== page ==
The Scam and Fall of YFI Clones

Share Article
In Brief
  • YFI creator Andre Conje has encouraged the cloning and experimentation of his token

  • A number of clones, though interesting, have resulted in massive pump and dumps

  • Asuka coin allegedly saw a brazen exit scam by creater Jongchan Jang

  • promo

    BIT Launchpad: Up To 3,500 FREE BIT. Don’t Miss The Beat. Join Now!

The Trust Project is an international consortium of news organizations building standards of transparency.

After the success of yEARN finance (YFI), a yield farming token which saw a rise in price from $35 to over $4000, a number of cryptocurrencies are trying to copy its success.

Sponsored



Sponsored

These include the likes of YFFI, YFII, and Asuka, however, they’ve all witnessed 100% drops and a conspicuous exit scam.

Encouraging Words

Fueled by DeFi platforms where any token with an address can be traded for anything else, these are the days of Wild West token swaps. To clone the YFI token, developers only had to copy code or fork the original.

Sponsored



Sponsored

But Andre Cronje, founder of the original YFI token, has encouraged experimentation and even supported these new tokens. On Twitter, he not only asked people to make more clones, but also to share the data.

Furthermore, he said he had a few ideas of how to tweak the project that he’d love to share with potential cloners.

Divided They Fall

Naturally, these YFI clones gained a fair bit of attention and some significant pumps. As seen in this graph, YFII plummeted from about $1204 to $250 over the course of a couple of days. It now sits 88% off an all-time high.

YFII Token Max Time Price Chart | Source: Coingecko

Not to be outdone, YFFI cratered some 99% from its all-time high, according to Coingecko.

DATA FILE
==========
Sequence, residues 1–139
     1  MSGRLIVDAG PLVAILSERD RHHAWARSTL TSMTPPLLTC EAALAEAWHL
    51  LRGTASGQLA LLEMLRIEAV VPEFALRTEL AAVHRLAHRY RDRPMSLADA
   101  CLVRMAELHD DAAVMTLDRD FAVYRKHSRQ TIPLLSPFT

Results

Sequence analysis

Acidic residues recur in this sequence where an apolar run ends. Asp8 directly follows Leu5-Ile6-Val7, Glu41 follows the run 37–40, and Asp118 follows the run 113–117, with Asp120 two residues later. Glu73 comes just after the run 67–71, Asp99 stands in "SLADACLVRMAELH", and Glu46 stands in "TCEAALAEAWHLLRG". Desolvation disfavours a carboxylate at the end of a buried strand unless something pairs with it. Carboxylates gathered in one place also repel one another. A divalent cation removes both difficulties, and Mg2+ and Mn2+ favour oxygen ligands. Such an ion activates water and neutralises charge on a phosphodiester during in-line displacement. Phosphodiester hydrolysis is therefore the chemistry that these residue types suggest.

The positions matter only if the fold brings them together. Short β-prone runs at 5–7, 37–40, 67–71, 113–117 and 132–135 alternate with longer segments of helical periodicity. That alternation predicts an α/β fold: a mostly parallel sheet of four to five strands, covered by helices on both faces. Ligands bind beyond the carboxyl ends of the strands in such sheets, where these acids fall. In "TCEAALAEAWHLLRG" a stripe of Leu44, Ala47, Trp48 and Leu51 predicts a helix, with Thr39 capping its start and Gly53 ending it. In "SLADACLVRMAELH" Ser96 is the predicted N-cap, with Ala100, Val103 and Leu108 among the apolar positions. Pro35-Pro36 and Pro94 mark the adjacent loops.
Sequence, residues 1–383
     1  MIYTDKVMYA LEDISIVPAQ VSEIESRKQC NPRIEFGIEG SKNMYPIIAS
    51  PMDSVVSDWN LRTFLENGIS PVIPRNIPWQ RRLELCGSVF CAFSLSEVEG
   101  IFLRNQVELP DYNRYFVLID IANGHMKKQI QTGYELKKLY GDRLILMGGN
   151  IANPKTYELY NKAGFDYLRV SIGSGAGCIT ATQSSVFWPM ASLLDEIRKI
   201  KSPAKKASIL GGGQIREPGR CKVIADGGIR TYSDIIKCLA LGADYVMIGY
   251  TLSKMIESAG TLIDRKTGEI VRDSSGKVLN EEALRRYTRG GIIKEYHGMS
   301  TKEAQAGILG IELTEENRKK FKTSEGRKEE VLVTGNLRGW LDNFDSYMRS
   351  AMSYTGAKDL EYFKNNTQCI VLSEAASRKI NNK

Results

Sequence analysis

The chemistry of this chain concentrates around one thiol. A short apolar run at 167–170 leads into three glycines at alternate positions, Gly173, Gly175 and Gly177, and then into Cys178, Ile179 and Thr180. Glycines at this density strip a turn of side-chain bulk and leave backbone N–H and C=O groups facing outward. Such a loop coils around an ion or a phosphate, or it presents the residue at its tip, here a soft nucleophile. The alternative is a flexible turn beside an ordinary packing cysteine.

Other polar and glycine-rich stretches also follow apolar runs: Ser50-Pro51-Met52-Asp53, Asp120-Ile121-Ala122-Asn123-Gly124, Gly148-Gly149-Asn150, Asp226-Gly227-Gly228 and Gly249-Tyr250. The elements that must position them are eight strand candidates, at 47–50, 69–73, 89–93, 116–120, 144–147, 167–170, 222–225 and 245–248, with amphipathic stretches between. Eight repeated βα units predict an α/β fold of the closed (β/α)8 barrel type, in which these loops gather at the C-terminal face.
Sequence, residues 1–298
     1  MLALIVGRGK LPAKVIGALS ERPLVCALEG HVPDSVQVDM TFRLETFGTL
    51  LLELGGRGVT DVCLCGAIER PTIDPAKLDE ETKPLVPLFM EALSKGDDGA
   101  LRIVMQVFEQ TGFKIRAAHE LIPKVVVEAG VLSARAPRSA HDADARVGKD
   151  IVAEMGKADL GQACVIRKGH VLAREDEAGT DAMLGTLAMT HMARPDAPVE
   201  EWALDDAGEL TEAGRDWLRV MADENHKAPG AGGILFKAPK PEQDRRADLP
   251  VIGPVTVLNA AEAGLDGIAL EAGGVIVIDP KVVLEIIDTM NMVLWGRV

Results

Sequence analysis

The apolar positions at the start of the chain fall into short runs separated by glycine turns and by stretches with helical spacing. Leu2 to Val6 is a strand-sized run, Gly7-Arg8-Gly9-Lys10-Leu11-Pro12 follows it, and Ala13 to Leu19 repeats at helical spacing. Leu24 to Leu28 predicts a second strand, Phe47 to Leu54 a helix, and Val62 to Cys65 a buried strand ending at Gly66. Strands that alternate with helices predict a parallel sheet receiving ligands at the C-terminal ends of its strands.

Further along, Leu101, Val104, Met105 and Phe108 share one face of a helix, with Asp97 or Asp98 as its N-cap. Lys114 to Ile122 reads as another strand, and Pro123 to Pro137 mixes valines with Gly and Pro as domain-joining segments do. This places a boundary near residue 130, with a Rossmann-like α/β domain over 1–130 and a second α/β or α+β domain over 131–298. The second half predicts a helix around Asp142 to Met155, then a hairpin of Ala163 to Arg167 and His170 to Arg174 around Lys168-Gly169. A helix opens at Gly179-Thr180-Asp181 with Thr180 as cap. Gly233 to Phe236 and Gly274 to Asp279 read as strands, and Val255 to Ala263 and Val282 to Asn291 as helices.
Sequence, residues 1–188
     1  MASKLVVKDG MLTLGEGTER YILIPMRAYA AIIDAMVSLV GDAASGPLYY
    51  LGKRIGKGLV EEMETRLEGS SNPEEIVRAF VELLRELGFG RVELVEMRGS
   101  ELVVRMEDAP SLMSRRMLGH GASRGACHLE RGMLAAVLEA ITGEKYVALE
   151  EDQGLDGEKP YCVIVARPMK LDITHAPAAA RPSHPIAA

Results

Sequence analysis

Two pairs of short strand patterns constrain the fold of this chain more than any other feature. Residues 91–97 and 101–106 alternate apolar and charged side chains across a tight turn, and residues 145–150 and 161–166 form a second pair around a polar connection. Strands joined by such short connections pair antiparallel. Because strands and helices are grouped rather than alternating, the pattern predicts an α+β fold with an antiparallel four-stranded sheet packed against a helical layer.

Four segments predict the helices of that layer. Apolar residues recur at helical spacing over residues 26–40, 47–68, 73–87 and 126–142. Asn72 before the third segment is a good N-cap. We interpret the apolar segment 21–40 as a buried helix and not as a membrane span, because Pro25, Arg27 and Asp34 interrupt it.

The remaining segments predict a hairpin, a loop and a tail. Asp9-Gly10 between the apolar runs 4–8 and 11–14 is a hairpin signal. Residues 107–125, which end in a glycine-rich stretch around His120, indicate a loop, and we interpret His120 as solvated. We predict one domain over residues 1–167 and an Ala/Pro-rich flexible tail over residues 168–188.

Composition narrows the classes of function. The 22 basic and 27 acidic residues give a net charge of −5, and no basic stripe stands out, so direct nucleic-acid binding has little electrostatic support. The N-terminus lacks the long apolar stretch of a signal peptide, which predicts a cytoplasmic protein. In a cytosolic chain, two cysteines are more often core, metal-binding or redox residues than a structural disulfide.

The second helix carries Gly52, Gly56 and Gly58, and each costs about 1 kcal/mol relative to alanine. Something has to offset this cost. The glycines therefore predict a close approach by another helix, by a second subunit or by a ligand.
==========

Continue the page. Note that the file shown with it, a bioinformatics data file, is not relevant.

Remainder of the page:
YFFI Token Max Time Price Chart | Source: Coingecko

Exit Stage Left

Asuka Finance has been called the Dogecoin of DeFi. Unlike Dogecoin, though, whose creator Jackson Palmer famously left before the money got good, Asuka Finance creator Jongchan Jang is said to have exit scammed.

The price of his token went from $1600 to $34, but not before he traded it for DAI. Asuka’s social media profiles and websites were all shuttered, and Jang reportedly sold all his DAI on Binance.

Doo Wan Nam, part of Maker DAO’s business development team, tweeted about Jang’s scam, pointing out that Jang had previously worked on Ethereum Classic (ETC). According to Nam, this address was associated with Jang and suggests he was sending DAI to Binance.

A Binance spokesperson explained:

“We have identified the relevant account(s). Binance will assist Korean law enforcement in their investigation once we receive a request from them. As always, we will continue to strive for heightened security both on our platform and for the greater crypto space.”

Who knows? This historic bull run may just be like 2017. It may also, however, leave many eager FOMOing traders in the dust.

Disclaimer

All the information contained on our website is published in good faith and for general information purposes only. Any action the reader takes upon the information found on our website is strictly at their own risk.
Sponsored
Share Article

Harry Leeds is a writer, editor, and journalist who spent much time in the former USSR covering food, cryptocurrencies, and healthcare. He also translates poetry and edits the literary magazine mumbermag.me.

Follow Author

Market signals, studies and analysis! Join our Telegram Today!

Go

Bit2Me ICO JUST STARTED! Buy B2M token now.

Buy now!

BIT Launchpad: Up To 3,500 FREE BIT. Don't Miss The Beat.

Join Now!